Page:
Max Daigle, president of CAERS, nearly died from the H1N1 vaccination, and is still suffering from it. He has built an adverse event monitoring system, for Canadians to voluntarily self-report. He explained the meaning of Vanessa’s Law (The “Protecting Canadians from Unsafe Drugs Act” [Vanessa’s Law] amends the Food and Drugs Act. It includes new rules that strengthen the regulation of therapeutic products, and improves the reporting of adverse reactions by healthcare institutions. As well, these measures are intended to improve Health Canada’s ability to collect post-market safety information, and take appropriate action when a serious health risk is identified. The law is named after Vanessa Young, daughter of the Member of Parliament from Oakville.) He resents how injured Canadians have been marginalized and stigmatized.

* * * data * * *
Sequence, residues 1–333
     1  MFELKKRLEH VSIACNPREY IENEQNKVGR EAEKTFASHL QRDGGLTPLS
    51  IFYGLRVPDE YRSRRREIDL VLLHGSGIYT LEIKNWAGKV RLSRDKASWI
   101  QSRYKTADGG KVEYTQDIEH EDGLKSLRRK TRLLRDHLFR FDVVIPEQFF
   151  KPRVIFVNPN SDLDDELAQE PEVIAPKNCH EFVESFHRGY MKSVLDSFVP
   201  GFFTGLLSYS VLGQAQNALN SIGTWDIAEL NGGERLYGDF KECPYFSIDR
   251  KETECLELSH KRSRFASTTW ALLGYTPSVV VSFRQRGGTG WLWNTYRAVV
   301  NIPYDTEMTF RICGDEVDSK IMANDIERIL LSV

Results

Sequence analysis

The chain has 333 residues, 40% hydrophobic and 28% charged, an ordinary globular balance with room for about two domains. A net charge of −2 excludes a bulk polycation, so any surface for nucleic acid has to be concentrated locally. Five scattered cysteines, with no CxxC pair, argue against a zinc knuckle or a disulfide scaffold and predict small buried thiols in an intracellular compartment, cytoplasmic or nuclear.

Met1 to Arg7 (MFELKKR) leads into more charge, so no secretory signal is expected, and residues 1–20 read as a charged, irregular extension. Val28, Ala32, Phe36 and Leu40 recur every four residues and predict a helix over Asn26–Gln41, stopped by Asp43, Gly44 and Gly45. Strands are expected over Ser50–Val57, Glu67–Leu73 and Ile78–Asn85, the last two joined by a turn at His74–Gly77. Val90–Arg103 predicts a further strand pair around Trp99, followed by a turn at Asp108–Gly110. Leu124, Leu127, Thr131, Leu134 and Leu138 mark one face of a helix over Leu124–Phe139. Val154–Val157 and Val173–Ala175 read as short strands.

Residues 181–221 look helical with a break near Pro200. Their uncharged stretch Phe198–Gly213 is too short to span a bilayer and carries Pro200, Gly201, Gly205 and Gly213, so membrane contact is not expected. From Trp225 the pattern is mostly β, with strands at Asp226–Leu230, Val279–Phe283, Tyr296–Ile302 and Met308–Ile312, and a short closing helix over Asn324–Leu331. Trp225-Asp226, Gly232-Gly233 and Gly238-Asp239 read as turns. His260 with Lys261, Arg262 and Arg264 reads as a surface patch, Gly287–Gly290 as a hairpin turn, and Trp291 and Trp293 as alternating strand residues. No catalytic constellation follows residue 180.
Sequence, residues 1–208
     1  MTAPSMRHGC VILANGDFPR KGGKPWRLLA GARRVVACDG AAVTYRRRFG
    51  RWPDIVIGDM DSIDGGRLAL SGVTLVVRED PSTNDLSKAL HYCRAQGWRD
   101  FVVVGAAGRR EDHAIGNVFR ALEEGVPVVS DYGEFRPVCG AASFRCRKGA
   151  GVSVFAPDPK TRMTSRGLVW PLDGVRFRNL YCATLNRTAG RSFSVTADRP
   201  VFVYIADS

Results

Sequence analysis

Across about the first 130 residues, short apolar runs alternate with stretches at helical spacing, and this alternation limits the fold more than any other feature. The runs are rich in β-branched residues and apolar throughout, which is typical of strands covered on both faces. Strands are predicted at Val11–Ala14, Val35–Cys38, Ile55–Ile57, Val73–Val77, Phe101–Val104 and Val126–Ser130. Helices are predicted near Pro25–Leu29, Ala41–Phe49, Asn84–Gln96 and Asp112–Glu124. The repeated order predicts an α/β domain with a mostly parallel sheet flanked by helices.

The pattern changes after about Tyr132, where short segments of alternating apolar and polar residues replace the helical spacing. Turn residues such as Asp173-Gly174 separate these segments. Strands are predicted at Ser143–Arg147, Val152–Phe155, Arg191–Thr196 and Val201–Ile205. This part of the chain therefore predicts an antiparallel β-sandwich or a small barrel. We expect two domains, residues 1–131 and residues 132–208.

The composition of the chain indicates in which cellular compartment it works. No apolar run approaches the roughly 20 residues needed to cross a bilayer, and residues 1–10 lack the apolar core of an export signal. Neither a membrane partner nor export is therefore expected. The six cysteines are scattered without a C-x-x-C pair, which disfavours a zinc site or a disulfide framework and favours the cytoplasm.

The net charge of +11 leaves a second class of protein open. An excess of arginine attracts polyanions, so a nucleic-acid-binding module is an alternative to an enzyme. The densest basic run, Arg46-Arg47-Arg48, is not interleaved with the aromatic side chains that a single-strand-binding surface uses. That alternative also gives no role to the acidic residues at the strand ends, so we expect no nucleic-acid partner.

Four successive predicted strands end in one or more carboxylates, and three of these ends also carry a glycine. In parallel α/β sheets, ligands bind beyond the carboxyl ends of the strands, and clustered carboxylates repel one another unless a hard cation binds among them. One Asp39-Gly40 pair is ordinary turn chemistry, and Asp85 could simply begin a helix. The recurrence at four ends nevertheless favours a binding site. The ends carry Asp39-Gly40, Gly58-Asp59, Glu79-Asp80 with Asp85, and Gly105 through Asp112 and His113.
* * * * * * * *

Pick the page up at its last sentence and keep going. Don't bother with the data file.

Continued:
CAERS has so far accumulated about a thousand reports, and the initiative is entirely run by volunteers. They lack resources to disseminate the existence of CAERS to people who might want to report, but do not know how. For now, he estimates, the reports they have are a mere tip of the iceberg. CAERS was launched nationally after December of 2021. Given the restricted resources, they have not yet been able to perform any meaningful statistical analysis of the data they have. When they receive the reports, they have no means of submitting them to Health Canada or any other governmental, regulatory body. He doubts whether a government, focused on divisive communication, would be receptive to these reports. No government agency has called CAERS out of an interest for the impacts on Canadians of products that have an accelerated/truncated path of development.
Those who have used the system have been very grateful to have someone who listens to them and cares about their situation. It is a challenge for the volunteers, who are all healthcare practitioners, and some have left because the stories have proven to be too much for them to bear.